Several people asked me how I was able to travel to Berlin and spend money in the same country in which the Holocaust was conceived and planned. I’m sure those same people are asking how American-born hockey player Evan Kaufmann can represent the German national team this weekend. Several of Evan Kaufmann’s relatives perished in the Nazi Holocaust. His grandfather Kurt survived Auschwitz before fleeing to the United States.
|Evan Kauffman – DEG Metro Stars (Photo by Christof Koepsel/Bongarts/Getty Images)
Kaufmann moved to Germany in 2008, but word is just getting out about this Jewish hockey player whose great-grandparents perished in the Holocaust playing for DEG Metro Stars of the Deutsche Eishockey Liga. The 28-year-old forward hopes to bring Germany a victory in the Belarus Cup in Minsk this weekend when he plays for the German national team. Kaufmann, who is married to Danielle (the couple is expecting their first child in June), received German citizenship in order to play for the national team and is among the top scorers in the German ice hockey league. Kaufmann admits that his teammates are very curious about him being Jewish and often ask him questions. Kaufmann told the UK’s Daily Mail, “I didn’t have to think hard about it. It is a great honour but it will also be a very emotional moment for me when I hear the national anthem played.”
Evan Kaufmann’s bio on the DEG Metro Stars website explains:
Evan Kaufmann joined the team in the summer of 2008. He was the great unknown to the team of DEG Metro Stars. A college player with had no experience in professional hockey made, received a German passport has in a very short time captured the hearts of the audience. His technical finesse and his speed made him a major player in the third line of attack in Dusseldorf. So it was no surprise that his contract was extended for a few months ahead of schedule for two more years. It should be worth it. In the 2010-11 season Kauffman became the second-leading scorer behind Patrick Reimer. Together with Tyler Beechey and James Connor, he made a splendid swirling storm formation, which has established itself as the second offensive series and was instrumental in moving into the playoff semi-final. Kaufmann, whose grandfather came from Germany, began his career in the American Junior League for the River City Lancers. After a very strong year Kaufmann moved to the University of Minnesota to study and play Hockey. After his four years at the University of Minnesota, he devoted himself entirely to hockey.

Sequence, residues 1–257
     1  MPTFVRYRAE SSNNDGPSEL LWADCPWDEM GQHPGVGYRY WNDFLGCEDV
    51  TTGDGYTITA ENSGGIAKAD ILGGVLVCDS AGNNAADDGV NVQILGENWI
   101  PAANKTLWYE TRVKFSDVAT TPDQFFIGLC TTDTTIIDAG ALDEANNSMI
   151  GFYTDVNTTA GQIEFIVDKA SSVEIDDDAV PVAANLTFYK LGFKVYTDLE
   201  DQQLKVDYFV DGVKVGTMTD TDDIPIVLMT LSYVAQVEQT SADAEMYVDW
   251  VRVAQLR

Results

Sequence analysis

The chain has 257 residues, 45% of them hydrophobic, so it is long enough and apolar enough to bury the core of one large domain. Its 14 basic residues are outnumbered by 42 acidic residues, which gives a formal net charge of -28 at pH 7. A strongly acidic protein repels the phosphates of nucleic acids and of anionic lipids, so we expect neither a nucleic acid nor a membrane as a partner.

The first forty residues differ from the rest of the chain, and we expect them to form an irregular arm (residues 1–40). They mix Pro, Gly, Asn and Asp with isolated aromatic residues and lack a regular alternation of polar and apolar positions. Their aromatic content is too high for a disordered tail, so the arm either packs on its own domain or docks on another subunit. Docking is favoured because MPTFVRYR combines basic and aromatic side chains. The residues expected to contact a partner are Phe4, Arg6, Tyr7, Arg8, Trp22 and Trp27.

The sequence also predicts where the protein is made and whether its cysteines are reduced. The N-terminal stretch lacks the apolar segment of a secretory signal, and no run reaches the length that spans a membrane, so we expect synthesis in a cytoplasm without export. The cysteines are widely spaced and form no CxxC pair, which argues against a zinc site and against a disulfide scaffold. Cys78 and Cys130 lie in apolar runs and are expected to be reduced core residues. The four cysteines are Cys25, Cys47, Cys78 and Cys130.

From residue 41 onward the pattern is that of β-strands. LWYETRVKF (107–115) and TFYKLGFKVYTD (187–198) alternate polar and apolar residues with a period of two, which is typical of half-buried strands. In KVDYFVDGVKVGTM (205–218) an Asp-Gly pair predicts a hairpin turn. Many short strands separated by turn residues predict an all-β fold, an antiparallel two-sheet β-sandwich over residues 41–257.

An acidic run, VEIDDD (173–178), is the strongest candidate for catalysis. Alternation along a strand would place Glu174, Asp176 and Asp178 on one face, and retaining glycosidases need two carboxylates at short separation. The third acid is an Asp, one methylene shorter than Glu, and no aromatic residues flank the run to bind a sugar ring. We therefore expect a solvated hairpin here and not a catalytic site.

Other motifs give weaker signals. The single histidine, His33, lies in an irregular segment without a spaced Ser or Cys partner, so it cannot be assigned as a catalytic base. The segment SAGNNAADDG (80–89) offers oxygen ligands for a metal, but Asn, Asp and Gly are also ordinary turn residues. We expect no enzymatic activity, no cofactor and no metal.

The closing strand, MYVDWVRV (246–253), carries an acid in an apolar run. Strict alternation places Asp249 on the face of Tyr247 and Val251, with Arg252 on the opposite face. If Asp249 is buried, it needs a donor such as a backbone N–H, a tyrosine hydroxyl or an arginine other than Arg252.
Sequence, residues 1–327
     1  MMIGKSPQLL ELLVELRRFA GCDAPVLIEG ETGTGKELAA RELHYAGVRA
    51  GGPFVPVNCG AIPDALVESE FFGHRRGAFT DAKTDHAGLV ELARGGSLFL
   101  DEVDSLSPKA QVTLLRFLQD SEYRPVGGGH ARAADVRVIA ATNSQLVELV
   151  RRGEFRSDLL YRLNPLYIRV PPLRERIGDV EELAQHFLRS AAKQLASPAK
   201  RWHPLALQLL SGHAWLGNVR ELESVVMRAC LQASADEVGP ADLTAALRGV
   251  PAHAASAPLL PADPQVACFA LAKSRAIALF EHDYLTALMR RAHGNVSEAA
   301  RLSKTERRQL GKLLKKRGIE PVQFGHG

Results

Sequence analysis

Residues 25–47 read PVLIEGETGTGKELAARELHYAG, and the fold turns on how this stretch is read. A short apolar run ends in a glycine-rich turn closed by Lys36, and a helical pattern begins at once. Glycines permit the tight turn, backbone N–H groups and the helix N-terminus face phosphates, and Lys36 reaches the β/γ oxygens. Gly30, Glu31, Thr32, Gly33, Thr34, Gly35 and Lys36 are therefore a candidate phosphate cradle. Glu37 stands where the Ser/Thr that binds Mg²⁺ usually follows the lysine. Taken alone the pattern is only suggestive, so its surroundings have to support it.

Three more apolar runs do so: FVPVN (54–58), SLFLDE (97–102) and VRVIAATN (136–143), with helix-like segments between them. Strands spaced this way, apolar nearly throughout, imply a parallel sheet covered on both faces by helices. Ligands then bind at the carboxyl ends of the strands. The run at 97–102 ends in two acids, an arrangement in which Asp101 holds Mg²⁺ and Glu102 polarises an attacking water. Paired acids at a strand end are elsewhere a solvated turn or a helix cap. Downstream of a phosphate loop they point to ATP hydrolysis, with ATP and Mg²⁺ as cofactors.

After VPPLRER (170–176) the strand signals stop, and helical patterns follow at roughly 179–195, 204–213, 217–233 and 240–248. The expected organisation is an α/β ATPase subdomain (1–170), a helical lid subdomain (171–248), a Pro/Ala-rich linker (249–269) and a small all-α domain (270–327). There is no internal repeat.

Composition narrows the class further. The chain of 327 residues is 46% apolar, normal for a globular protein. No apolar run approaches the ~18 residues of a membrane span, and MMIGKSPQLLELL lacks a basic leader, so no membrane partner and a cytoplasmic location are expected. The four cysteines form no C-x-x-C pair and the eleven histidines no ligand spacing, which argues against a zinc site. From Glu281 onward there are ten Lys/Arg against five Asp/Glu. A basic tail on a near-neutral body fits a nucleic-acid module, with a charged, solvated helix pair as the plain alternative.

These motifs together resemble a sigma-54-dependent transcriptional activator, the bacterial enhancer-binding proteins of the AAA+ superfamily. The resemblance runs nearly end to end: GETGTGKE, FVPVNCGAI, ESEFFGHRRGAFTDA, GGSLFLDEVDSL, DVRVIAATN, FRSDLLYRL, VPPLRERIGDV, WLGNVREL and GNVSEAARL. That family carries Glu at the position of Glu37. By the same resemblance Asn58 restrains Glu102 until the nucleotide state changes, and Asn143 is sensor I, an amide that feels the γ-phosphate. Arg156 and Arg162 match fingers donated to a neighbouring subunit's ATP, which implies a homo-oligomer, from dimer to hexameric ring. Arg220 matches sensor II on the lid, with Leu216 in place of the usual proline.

While Evan Kaufmann isn’t the first Jewish individual to compete for Germany in the post-Holocaust era (a Jewish man swam for Germany in the 1952 Olympics and a Jewish woman swam for Germany in the 2004 Olympics), he is the most notable. It is certainly an interesting story that seven decades after his great-grandparents and other relatives were murdered by the Nazis, Kaufmann is proud to represent Germany on the ice. This is just one more way in which the Jewish community will come to view Germany differently. Never forgetting the massive tragedy of the Holocaust, we understand that this is a new Germany… A Germany we can cheer for proudly in this weekend’s Belarus Cup. Good luck to Evan Kaufmann and his DEG Metro Stars.